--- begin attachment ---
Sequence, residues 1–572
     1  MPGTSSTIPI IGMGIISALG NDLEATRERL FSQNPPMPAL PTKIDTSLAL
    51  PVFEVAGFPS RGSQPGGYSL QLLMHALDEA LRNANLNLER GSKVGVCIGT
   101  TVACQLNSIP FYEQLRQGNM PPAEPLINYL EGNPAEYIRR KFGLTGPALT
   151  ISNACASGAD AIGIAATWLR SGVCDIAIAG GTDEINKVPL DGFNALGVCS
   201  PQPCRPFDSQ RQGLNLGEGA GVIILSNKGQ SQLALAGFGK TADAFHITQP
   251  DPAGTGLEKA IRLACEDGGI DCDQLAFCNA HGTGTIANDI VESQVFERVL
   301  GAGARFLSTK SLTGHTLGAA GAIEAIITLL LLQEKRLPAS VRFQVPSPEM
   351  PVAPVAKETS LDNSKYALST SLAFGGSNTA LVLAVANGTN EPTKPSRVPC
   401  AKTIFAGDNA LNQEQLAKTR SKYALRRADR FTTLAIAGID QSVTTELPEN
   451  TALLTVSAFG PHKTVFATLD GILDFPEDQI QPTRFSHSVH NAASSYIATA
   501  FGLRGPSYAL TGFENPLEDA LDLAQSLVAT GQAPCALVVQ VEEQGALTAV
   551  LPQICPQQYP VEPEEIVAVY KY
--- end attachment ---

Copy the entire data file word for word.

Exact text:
Sequence, residues 1–572
     1  MPGTSSTIPI IGMGIISALG NDLEATRERL FSQNPPMPAL PTKIDTSLAL
    51  PVFEVAGFPS RGSQPGGYSL QLLMHALDEA LRNANLNLER GSKVGVCIGT
   101  TVACQLNSIP FYEQLRQGNM PPAEPLINYL EGNPAEYIRR KFGLTGPALT
   151  ISNACASGAD AIGIAATWLR SGVCDIAIAG GTDEINKVPL DGFNALGVCS
   201  PQPCRPFDSQ RQGLNLGEGA GVIILSNKGQ SQLALAGFGK TADAFHITQP
   251  DPAGTGLEKA IRLACEDGGI DCDQLAFCNA HGTGTIANDI VESQVFERVL
   301  GAGARFLSTK SLTGHTLGAA GAIEAIITLL LLQEKRLPAS VRFQVPSPEM
   351  PVAPVAKETS LDNSKYALST SLAFGGSNTA LVLAVANGTN EPTKPSRVPC
   401  AKTIFAGDNA LNQEQLAKTR SKYALRRADR FTTLAIAGID QSVTTELPEN
   451  TALLTVSAFG PHKTVFATLD GILDFPEDQI QPTRFSHSVH NAASSYIATA
   501  FGLRGPSYAL TGFENPLEDA LDLAQSLVAT GQAPCALVVQ VEEQGALTAV
   551  LPQICPQQYP VEPEEIVAVY KY